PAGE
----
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The UK’s new points-based immigration system opens for visa applications today (1 December 2020). Will the system make it easier or harder for employers to have access to skilled personnel?
In a significant shift from the past, the new system will apply to European Economic Area (EEA) and Swiss nationals in the same way as non-EU nationals once the Brexit transitional period ends at 11pm on 31 December 2020. This puts the onus on companies in the UK that need skills from overseas to apply for sponsor licences.
Personnel Today asks five immigration law experts for their reflections on the new system and what its advantages and disadvantages will be:
Jonathan Beech, managing director, Migrate UK: ‘There's a sting in the tail: cost’
At first glance, the points-based system appears a more attractive proposition to employers, certainly in relation to skill and salary levels and cutting red tape.
From 1 December, employers will be able to sponsor workers who are taking on A-level vacancies as opposed to just degree level jobs. This opens up over 140 more job codes and include those below manager level. The salary thresholds are also dropping but it is important that employers check the immigration rules every time they plan to fill a vacancy as a migrant worker must also be paid at least the going rate for the job. The going rate will further depend on whether the proposed employee is a student, under the age of 26 at the time of making the visa application, or is taking on a shortage occupation or PhD level role. The salary goalposts are expected to move regularly so this will need to be bookmarked.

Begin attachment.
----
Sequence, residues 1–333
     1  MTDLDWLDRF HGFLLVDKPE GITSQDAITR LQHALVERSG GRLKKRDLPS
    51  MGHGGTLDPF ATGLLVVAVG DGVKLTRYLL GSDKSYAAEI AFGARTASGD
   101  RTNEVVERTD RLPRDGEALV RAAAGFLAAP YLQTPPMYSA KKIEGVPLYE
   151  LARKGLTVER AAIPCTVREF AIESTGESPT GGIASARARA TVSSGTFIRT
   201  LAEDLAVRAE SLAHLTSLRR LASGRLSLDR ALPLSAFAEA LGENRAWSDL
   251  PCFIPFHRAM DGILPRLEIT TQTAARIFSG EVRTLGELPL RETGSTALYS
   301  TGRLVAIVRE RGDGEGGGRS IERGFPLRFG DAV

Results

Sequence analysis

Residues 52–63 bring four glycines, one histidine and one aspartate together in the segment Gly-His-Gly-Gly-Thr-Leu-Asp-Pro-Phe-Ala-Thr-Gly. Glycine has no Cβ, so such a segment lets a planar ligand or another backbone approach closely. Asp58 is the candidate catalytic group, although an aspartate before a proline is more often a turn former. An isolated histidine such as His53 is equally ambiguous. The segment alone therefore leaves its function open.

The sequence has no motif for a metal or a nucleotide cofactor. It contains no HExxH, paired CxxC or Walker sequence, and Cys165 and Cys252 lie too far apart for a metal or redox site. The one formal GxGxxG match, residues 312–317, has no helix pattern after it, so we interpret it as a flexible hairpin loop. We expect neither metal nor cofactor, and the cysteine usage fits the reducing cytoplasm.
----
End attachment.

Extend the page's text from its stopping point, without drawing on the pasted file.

On the red tape front; the much-derided resident labour market test (RLMT) is being removed. Therefore, there is no obligation for employers to show carefully worded job ads for 28 days with a skilled worker application, thus shortening the time to onboard a sponsored worker.
[pullquote]It will be important for employers to understand their obligations as sponsors. There is little (if any) leeway for mistakes to be made which could result in the loss of a sponsor licence, a fine or e